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CDC identifies source of multistate bacteria outbreak due to artificial tears

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5 min read

New research conducted by the Centers for Disease Control and Prevention (CDC), published in Clinical Infectious Diseases, investigated the outbreak of an antibiotic-resistant form of Pseudomonas (P.) aeruginosa previously linked with a multistate outbreak of artificial tear-associated patient cases reported last year.

First, explain this bacteria.

In carbapenemase-producing, carbapenem-resistant P. aeruginosa (CP-CRPA), pseudomonas produce enzymes called carbapenemases that break down antibiotics (such as carbapenems) and, as a result, are typically resistant to antibiotics.

In healthcare settings, the bacteria has been noted as a common cause of infections leading to pneumonia, bloodstream infections, urinary tract infections, and surgical site infections, according to the CDC.

See here for additional info, including how to identify patients with CRPA and steps to take for preventing transmission.

Now, let’s take a trip down memory lane …

Back in January 2023, the CDC recommended an immediate discontinuation of artificial tear eye drops due to an outbreak of CP-CRPA that was connected to the use of 10 different brands of over-the-counter (OTC) artificial tears, including EzriCare Artificial Tears (manufactured by India-based Global Pharma Healthcare Private Limited.)

A voluntary recall for EzriCare was then escalated to a Health Alert Network (HAN) Advisory in February 2023 that mandated all eye care practitioners (ECPs) and patients immediately stop use of the eye drops.

Also of note, a recall was issued for Delsam Pharma LLC’s artificial tears, as well as its artificial ointment.

In May 2023, the CDC confirmed 81 cases across 18 states, with four deaths, 14 reports of vision loss, and four reports of enucleation.

And in June 2023, Glance reported on the growing number of class-action and individual injury lawsuits that ensued as a result.

Gotcha. So what did this investigation entail?

Investigators from the CDC, FDA, and multiple state / local health departments identified those 81 cases (with 27 identified via surveillance cultures) of CP-CRPA between May to November 2022.

Per the study, they collected opened and unopened artificial tears products identified in the epidemiologic investigation from case-patient homes, healthcare facilities, distribution centers, and pharmacies.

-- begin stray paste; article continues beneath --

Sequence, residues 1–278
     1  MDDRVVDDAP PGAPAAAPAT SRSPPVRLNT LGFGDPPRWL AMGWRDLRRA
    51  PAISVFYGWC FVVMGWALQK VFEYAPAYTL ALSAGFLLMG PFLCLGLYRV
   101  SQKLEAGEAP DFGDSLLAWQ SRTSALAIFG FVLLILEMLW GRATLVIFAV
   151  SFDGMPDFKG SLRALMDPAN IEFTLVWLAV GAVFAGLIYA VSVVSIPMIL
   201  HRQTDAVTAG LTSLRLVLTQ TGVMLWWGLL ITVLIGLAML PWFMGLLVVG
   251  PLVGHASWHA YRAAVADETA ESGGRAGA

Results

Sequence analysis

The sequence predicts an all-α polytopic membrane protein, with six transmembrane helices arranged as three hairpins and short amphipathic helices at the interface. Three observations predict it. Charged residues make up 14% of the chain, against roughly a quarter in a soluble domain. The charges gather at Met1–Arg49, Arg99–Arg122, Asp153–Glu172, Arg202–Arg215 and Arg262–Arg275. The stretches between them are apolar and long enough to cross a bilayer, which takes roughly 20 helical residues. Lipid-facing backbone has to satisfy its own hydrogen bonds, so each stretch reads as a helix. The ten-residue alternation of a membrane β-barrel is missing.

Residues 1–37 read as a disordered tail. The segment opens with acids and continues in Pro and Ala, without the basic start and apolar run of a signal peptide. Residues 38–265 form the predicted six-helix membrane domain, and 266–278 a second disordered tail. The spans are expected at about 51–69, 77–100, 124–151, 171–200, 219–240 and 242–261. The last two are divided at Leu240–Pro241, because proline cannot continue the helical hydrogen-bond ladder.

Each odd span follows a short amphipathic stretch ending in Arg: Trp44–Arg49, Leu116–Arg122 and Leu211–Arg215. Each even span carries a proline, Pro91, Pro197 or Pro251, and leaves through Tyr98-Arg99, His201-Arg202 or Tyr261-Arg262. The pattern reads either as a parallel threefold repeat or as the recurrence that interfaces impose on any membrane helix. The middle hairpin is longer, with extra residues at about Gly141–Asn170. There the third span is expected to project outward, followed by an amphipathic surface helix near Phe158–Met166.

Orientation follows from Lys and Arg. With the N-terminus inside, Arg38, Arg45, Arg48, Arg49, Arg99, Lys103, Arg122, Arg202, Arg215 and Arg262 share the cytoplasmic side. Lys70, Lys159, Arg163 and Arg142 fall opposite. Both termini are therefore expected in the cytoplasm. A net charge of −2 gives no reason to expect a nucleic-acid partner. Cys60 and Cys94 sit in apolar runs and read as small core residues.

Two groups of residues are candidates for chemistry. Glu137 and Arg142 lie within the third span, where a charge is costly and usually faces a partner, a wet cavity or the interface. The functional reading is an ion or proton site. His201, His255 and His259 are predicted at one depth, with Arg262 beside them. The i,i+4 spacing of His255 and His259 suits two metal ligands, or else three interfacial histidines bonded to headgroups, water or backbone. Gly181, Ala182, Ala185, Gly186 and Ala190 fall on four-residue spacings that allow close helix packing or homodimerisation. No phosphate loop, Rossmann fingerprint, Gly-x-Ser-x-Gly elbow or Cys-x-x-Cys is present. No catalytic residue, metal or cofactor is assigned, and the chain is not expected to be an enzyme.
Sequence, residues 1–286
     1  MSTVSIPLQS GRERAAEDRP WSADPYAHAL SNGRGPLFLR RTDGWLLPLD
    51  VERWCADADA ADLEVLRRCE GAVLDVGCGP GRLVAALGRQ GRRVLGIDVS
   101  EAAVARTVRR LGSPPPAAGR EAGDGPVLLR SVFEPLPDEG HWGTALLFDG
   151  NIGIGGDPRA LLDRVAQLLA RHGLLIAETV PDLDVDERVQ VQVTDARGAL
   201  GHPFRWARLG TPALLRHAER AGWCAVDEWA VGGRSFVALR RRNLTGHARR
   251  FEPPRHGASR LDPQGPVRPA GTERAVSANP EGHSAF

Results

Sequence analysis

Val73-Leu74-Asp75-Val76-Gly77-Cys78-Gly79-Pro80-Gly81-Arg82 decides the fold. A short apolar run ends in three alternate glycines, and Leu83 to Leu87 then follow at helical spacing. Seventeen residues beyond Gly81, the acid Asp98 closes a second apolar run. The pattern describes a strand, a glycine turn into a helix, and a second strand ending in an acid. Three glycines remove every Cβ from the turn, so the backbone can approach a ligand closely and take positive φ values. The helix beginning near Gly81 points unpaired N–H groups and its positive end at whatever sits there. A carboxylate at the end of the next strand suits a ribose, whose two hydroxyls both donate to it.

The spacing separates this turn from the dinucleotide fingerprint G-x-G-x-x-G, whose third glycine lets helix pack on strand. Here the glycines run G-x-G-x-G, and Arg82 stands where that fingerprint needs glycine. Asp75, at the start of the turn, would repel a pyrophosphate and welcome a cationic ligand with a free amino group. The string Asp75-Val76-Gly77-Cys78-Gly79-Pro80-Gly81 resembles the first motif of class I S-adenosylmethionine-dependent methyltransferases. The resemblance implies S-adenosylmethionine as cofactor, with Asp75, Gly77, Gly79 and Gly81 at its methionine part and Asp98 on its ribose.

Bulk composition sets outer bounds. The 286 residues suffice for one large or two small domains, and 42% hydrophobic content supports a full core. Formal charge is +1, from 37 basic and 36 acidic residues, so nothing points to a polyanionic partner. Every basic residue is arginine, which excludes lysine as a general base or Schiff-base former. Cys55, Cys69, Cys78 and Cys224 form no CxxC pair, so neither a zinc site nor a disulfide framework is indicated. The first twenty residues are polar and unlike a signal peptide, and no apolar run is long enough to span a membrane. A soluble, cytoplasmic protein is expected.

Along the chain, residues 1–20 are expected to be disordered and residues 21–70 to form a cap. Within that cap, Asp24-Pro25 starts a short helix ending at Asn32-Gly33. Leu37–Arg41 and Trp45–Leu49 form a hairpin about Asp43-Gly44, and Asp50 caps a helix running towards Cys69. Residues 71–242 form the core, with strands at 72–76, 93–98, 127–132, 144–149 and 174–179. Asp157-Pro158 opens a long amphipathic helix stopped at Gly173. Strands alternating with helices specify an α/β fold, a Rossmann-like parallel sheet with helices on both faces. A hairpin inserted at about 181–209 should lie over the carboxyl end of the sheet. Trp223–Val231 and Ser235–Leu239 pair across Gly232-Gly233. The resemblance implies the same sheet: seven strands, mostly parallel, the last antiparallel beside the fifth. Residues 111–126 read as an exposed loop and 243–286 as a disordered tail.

From there, the original outbreak was traced back to a single ophthalmology clinic in Los Angeles, California, where a significant number of affected patients were treated.

Then what?

A 1:1 case-control study was conducted, with the randomly-selected controls being matched to cases based on facility and unit location.

Controls were required to have three criteria, including no history of P. aeruginosa culture results since April 1, 2022, that were resistant to carbapenems and not susceptible to two antibiotics: cefepime or ceftazidime.

The investigators then examined exposures associated with case status for all case-patients, testing products for bacterial contamination.

And their findings?

Based on the case-control study, case-patients had an increased odds of receiving artificial tears vs their controls: (crude matched OR: 5.0, 95% Confidence Interval (CI): 1.1, 22.8)

Give me specifics.

According to the investigators:

  • 87% (61) of 70 case-patients reported artificial tear use (with no specific brand mentioned)
  • 77% (43) of 50 case-patients with brand information reported use of Brand A (EzriCare Artificial Tears)

Bacteria that were “isolated from opened and unopened bottles of Brand A were genetically related to [the case-patient] isolates,” the authors wrote.

Further, an FDA inspection of Brand A’s manufacturing plant (Global Pharma Healthcare) “also identified likely sources of contamination.”


Whole-genome sequencing of the case-patients’ isolates with Brand A’s bottles revealed that the contamination originated from the artificial tear’s manufacturing plan.

Translation: The investigators confirmed that the bacteria contamination linked to EzriCare Artificial Tears came from Global Pharma’s manufacturing plant.

And what’s the significance of this?

Per the investigators, such an incidence—with a manufactured medical product serving as a vehicle for such bacterial strains as CR-CPA—”is unprecedented in the U.S.”They concluded: The clinical impacts from this outbreak underscore the need for improved requirements for U.S. OTC product importers.